Last June I moved and decided to take the Clemantis with me. Detaching it from the stairs, and packing it in my car to move to our new location was traumatic for the plant. The Clematis suffered incredible summer heat and was whipped around by the spring winds. Regardless of all these challenges, this Clematis at the present time is donning eight fabulous flowers.

Way to go little plant!


Sunday, June 6, 2010

Land Art Continues.....

I received a comment from DJ in regards to yesterday's blog with a great idea for my Land Art creation. Today, I returned to the art and am very pleased with the results.

DJ suggested adding a design which definitely gives it a much more finished look than previously. I used pine cones as a path through the rock gravel. The rocks define the edge. I have not decided which size rocks I like best or to keep both. Comments? It was raining today so some of the gravel is dark gray instead of the light blue-grey when it is dry.

It will change over does life and Land Art.

DJ also suggested Richard Shilling's, a land artist, blog. I like his "Laurel Reflections" and "May Day Colour Totem."


Saturday, June 5, 2010

Land Art

Having been inspired by Andy Goldsworthy, a land artist who I blogged about on May 19th, I decided to create something of my own using materials in my yard.

Many of Andy Goldsworthy's works are temporary pieces of art which change or dissove with the environment. I hope that the land art piece I created today will age with grace.

This is the first rendition:

As much as I liked the texture and color of the arbor chips, I decided it needed more definition. I added gravel and small stones. Which version do you like?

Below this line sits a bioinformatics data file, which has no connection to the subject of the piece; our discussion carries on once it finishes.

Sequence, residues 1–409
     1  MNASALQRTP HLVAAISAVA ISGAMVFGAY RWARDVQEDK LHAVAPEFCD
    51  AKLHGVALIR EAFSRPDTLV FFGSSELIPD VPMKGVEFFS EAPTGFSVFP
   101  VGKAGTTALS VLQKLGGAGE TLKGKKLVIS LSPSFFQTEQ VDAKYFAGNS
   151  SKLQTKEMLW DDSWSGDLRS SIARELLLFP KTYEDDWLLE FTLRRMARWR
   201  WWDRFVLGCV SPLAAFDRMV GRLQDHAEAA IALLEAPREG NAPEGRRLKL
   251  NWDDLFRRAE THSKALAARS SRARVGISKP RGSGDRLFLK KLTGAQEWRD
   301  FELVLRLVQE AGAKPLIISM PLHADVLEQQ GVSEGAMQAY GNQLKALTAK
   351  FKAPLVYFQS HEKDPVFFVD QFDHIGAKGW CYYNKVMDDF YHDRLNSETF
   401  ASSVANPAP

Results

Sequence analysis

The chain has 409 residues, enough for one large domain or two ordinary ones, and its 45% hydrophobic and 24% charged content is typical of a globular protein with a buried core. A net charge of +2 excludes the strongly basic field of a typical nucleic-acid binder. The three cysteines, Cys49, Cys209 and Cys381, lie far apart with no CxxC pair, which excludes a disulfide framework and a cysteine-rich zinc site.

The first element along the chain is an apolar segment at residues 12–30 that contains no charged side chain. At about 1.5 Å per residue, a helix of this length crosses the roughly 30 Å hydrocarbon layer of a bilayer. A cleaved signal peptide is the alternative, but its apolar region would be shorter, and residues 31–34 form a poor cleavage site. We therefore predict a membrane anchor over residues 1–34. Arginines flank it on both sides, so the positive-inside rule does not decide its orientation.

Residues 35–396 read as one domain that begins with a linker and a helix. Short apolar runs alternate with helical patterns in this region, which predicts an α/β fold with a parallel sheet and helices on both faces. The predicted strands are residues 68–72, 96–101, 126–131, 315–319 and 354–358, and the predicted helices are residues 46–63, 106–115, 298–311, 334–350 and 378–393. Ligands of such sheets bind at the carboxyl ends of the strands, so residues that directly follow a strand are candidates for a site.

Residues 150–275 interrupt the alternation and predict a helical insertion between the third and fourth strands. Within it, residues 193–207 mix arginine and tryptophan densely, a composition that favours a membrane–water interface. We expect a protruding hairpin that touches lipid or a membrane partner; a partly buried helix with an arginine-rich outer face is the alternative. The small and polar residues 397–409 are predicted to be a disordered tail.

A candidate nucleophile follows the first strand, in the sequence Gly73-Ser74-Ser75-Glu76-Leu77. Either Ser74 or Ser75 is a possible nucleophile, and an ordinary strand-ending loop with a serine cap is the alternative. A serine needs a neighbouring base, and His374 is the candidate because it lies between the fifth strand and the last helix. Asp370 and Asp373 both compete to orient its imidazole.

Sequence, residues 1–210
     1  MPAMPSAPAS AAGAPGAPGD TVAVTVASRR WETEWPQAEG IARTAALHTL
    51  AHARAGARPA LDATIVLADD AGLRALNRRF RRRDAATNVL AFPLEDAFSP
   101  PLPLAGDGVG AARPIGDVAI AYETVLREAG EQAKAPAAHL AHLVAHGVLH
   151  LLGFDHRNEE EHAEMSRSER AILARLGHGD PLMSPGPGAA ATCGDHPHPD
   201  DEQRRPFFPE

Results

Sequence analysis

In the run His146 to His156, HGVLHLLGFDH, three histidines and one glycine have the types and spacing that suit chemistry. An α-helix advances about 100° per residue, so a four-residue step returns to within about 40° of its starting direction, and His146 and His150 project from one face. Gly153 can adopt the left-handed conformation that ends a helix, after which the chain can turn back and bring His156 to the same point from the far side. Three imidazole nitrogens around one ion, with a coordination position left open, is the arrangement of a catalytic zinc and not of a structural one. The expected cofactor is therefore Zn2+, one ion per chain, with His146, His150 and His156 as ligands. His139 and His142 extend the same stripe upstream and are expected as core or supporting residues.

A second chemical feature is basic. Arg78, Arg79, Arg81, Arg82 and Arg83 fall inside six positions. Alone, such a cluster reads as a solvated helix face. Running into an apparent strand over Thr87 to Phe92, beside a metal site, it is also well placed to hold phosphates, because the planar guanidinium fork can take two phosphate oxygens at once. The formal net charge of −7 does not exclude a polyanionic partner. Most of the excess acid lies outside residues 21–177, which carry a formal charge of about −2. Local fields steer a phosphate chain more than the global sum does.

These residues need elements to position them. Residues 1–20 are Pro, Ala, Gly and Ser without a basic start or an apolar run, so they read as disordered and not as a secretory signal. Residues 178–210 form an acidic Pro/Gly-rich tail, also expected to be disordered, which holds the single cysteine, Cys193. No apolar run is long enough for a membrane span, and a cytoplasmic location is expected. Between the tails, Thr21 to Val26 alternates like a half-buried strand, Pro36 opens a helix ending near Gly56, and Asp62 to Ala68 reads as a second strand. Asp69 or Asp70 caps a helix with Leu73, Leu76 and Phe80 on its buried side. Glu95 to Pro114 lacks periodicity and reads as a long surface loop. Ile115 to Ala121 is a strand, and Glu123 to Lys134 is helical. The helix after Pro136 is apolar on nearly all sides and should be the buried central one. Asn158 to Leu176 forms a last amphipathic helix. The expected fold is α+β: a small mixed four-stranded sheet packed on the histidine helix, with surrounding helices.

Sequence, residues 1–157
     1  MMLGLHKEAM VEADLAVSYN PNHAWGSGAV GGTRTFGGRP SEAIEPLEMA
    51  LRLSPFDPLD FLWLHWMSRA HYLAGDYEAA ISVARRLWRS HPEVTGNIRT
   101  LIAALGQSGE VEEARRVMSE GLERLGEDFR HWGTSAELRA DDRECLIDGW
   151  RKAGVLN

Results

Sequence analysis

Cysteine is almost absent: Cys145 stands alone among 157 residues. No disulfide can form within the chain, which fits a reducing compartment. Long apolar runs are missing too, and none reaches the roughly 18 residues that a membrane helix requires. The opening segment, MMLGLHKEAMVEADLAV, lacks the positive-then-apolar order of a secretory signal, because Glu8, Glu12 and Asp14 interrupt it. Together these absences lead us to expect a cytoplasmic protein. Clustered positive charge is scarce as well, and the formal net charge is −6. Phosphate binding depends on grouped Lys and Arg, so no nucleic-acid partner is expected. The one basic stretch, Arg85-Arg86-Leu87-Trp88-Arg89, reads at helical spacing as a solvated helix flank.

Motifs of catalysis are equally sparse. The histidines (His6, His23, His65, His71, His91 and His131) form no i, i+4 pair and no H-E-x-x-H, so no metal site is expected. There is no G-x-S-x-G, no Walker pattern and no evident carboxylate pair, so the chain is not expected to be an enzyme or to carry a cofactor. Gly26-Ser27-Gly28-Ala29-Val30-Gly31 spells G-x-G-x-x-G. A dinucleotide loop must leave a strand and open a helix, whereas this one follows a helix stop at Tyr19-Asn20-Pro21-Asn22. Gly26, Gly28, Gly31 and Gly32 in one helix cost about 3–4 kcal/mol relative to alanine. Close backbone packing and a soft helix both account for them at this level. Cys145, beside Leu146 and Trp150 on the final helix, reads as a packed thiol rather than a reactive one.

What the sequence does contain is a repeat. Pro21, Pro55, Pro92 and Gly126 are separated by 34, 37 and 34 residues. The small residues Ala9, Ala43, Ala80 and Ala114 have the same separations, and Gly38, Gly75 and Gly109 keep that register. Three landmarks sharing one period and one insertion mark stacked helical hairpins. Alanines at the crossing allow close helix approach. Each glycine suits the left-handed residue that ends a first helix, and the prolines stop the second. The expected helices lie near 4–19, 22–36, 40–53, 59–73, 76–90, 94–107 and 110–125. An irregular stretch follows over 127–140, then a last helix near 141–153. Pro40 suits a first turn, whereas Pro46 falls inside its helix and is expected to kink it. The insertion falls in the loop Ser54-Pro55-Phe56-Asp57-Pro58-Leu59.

Thursday, June 3, 2010

Katsura Tree

Yesterday I posted a blog relating to the tree selection for my yard.

I mentioned that I consulted with an artist friend, Karen Lohman; Matsushima Landscaping, who helped with the design. I love trees and it was a challenge to limit my selection. Karen insisted that I have a Katsura Tree. I never heard of one, have you? The Katsura Tree definitely appeals to the artist in me.

Katsura Tree is also known as the carmel tree. No, you do not get caramels from it, but some think the wonderful Katsura Tree smells like caramel or cotton candy when it loses it's leaves in the fall. Besides being wonderful to smell in the fall, the Katsura sports a lovely blend of orange, raspberry, and apricot-colored leaves. The Katsura is no slouch in other seasons, either. In the spring Katsura has reddish-purple new growth, in summer it sports heart-shaped blue-green leaves and in winter the gray, slightly exfoliating bark lends interest.

I have watched the heart-shaped leaves of my Katsura Tree turn from purple to red and now some green is emerging.......

The Katsura is native to Japan and eastern Asia and is widely used as a landscape tree in those areas. Katsura blooms in early spring. I read that the flowers are not showy. Maybe that is why I totally missed them? Or are they still coming?

I so look forward to its fall colors! I will definitely let you know if it gives off a carmel smell. But, I certainly do not want to rush summer!

Once again, I am overjoyed with Karen's selection of trees.

Wednesday, June 2, 2010

Choosing a Dogwood Tree

As I began planning the landscape for my home, I consulted with a friend, Karen Lohman; Matsushima Landscaping, who is very creative and knowledgeable. She helped me to decide what I wanted and drew the blueprint.

I had to narrow down my tree selection, but a dogwood tree was a MUST. Which one? Karen influenced my decision by suggesting an Oriental Dogwood tree, but Judy Manley another artist and landscape specialist, talked highly of a Korean Dogwood. Challenging decision! It took a third woman at Bark and Garden Nursery in Olympia, Washington, to help me pin down the perfect dogwood for me. When she explained the color development of the blossoms, I had to have this one.

First the blossoms are white and green with tinges of pink as you can still see in the background of this photograph.

Some of the blooms have grown larger and are turning pink.

The blossoms have such a lovely grace.

Needless to say, I am very happy with my decision and look forward to many years of watching this Korean Dogwood tree grow and bloom.